3. Closing admins must check that tags have been continually on articles for the entire period, but may still elect to send the article to 'contested deletion' if they see merit in the article.
  4. Certain categories of articles (e.g. schools) could perhaps be agreed as being always ‘contested’.
  5. Editors who contest the deletion after it was deleted can, as normal, list the article at Wikipedia:Deletion review
  6. AFD/'disputed deletions' would be limited to nominations of articles where tags had been removed, or which were of a nature that was fundamentally controversial.


  • Relatively simple.
  • Less time consuming to delete uncontroversial articles
  • Could reduce AFD load by up to 60%, ensuring proper scruting for remaining nominations.
  • Ensures scrutiny for uncontested deletions (at least more so than with speedies)
  • Should be 'impact neutral' on notability deletions (otherwise no consensus will be possible)

Impact on notability deletions[edit]

This proposal is designed to have no impact on notability questions. 'Inclusionists' would be able to check tagged articles in the categories and remove the tags. In practice, those wishing to nominate on grounds of notability would usually send the article straight to 'contested deletions' - as notability nominations will (almost) always be disputed.


  1. ^ Of course, one might say 'who cares'. It has often been noted that, in terms of inclusionist/deletionist wars, the inability of AFD to stem the flow of 'low-notability' articles means that the inclusionists win by default (see e.g. [4]). But AFD also weeds out unverifiable, hoax, near-nonsense, POV fork, and other unacceptable articles. Thus, its inability to upscale is not only a problem for deletionists. Reform is needed even if notability were dismissed as a grounds for deletion. In any case, notability may be something of a sideshow in terms of the AFD overload, on October 2nd, Snowspinner deleted 16 AFD nominations on grounds of 'notability invalidity' (at least 4 of which could have been nominated under other headings). There were 130 nominations that day. Ergo, 80%+ of AFD’s work does not concern notability (anecdotal admittedly).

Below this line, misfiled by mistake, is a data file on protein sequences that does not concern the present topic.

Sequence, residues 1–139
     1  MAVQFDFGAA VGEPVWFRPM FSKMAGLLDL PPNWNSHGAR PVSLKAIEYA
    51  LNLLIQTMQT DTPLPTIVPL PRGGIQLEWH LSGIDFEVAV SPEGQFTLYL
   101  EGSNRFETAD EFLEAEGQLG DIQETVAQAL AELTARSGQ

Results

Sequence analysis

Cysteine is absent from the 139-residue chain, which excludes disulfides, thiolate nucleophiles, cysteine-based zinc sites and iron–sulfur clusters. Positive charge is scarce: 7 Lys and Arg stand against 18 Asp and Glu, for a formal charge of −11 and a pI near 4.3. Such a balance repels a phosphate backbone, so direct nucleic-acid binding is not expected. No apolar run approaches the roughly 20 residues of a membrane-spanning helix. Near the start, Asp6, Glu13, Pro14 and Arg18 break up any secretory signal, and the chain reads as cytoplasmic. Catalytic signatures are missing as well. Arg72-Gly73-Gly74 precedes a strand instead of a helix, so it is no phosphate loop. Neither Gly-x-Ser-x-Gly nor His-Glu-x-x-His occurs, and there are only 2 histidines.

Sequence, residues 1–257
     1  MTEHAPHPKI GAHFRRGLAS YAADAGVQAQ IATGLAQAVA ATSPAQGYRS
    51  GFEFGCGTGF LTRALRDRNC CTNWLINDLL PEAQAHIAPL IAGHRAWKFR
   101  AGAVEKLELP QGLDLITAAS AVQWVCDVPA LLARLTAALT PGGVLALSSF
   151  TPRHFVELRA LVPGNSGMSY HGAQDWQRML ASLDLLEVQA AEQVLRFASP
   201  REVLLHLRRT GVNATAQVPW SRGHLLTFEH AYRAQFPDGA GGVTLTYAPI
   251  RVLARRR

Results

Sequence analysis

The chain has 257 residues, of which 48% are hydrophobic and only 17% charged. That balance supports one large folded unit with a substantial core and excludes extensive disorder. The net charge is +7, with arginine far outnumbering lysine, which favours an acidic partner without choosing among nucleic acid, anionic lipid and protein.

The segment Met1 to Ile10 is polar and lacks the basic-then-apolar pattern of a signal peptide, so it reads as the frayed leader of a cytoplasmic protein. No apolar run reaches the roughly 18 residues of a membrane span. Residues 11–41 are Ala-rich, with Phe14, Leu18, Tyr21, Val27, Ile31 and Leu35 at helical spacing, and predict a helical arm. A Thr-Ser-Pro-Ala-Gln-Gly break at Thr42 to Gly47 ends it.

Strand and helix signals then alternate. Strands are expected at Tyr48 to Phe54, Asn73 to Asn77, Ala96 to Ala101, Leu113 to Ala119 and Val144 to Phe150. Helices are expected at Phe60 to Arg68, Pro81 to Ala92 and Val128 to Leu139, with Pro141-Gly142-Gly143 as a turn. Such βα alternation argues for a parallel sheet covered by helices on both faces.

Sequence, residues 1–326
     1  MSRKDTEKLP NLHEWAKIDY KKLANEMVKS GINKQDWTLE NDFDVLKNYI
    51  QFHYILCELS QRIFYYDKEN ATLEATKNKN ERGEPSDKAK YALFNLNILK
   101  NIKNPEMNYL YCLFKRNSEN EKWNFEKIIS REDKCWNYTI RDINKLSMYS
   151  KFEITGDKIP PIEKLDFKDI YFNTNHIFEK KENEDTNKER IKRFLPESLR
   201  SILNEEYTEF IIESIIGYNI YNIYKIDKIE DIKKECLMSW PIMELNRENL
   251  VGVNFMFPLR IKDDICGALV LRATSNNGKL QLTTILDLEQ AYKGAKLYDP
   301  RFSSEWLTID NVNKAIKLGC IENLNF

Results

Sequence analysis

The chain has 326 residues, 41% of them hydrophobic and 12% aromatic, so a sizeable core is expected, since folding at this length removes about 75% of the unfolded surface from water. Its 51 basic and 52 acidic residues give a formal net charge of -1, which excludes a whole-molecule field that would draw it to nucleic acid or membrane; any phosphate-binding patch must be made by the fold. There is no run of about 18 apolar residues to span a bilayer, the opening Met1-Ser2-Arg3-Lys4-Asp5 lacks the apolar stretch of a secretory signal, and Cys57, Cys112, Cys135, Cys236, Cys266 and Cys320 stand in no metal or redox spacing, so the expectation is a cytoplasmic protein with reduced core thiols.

2. ^ Speedy creep is dangerous, A7 is already fairly (perhaps too) subjective, and more expansions are likely to be more so. But perhaps more worryingly, existing criteria are being pushed to catch ‘common sense’ deletions – which don’t fit careful rules. It is currently easier to tag nonsense, which is not patent, or things like advertising, with {{d}} and hope an admin will be flexible, than to go through the full AFD process. Increasing speedies answers the ‘deletion imbalance’, but can leave subjective and practically unscrutinised deletions.
  3. ^ Tagging should produce a boilerplate such as:
This article has been proposed for deletion on [date], and may be deleted after 14 days. Please see talk for reasons. This tag may be removed if disputed, but if the issue becomes contested the [contested deletion ] procedure should be followed.


All discussion on the discussion page please.